The Barclay has a few in-house QSC KLA12 boxes per side, but given some of the restrictions mentioned above, we had much more control bringing in our own M1D arrays. Being able to rent the LINA array for the center vocal system meant that I had an amazing level of quality to work with. The groundplan, section, and array drawings show where I ended up with the system.

As you can see, the system also includes front fills, balcony fills, and "side fills," which were two Meyer UPJs hung immediately next to the LINA array, but focused toward the far outside sections of the orchestra level closer to the stage. This is the area the LINA didn't quite cover within a 6db tolerance. With those UPJs and the front fills (Meyer UPMs), the orchestra level had even coverage everywhere except for about 4-6 seats.
Arrays and front fills just after the truss went up.

In the last year, we have also acquired a slew of new equipment to fold into our designs. The main impetus was the old and decrepit nature of our former large-format mixing console. The Avid VENUE from years past was falling apart physically, and becoming quickly outdated as an educational tool. We're now using an Allen & Heath dLive system, consisting of the dLive DM48 MixRack with S7000 surface, and several digital snakes (DX32 and DX168) for expansion. This system finally allows enough I/O to handle most modern designs without restriction. The following shot of the tech table shows the control software for the dLive system. It also shows the Allen & Heath IP8, which is an amazingly versatile fader bank that gives me control of the system in a much more intuitive way without being at the console.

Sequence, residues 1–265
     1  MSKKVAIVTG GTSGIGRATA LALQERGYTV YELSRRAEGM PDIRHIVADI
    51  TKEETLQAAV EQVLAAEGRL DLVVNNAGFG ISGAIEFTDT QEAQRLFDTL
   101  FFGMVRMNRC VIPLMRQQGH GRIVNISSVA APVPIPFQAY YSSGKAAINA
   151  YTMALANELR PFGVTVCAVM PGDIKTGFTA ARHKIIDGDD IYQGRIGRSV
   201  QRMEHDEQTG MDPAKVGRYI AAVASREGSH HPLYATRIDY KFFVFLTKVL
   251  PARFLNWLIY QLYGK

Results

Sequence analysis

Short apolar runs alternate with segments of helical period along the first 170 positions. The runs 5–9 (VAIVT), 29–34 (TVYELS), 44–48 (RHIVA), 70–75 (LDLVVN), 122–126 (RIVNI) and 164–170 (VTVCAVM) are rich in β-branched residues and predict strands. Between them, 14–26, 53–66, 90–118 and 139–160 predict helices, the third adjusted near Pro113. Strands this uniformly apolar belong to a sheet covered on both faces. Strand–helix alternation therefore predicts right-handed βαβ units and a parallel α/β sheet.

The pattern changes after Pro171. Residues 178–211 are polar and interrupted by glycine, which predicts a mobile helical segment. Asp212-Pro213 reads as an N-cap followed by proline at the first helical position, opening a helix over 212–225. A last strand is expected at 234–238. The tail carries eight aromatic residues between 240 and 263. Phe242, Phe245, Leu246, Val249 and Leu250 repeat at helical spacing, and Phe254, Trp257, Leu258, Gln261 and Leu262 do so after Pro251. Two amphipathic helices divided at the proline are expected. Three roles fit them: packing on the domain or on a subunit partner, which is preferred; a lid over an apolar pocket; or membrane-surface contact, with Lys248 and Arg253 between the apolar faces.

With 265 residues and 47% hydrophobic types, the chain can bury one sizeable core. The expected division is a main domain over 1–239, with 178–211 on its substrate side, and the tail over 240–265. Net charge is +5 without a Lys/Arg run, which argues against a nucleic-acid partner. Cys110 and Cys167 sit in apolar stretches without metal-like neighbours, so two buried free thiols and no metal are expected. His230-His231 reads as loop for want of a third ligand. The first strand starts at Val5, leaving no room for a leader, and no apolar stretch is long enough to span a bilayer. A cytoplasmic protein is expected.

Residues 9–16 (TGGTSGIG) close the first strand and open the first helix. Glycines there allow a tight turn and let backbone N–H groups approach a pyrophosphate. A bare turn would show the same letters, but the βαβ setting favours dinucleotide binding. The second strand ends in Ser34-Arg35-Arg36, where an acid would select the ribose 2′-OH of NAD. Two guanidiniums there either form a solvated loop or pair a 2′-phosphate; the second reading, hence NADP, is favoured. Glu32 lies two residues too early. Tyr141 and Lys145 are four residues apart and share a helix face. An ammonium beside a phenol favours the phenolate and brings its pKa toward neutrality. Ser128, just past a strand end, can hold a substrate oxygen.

The wireless mics used on performers were the Shure UHF-R series that have been so ubiquitous in the last decade (or two...). We were able to use DPA 4061 microphone elements on all of the UR1 body packs, double miking our lead, "Bobby," since he is so rarely offstage. The fantastic A2 crew, trained by assistant sound designer Kyle Causey, was always keeping tabs on the status and performance of each mic, such that we didn't have any major incidents during the run of the show. They were using Wavetool, which is on the screen of the iPad in the previous picture. It's a software that combines the RF monitoring of Wireless Workbench with audio monitoring capabilities to let them look and listen for each microphone on a computer, iPad, or iPod Touch anywhere on the deck. This was our first show using Wavetool, and it proved to be an awesome update to the A2 workflow here!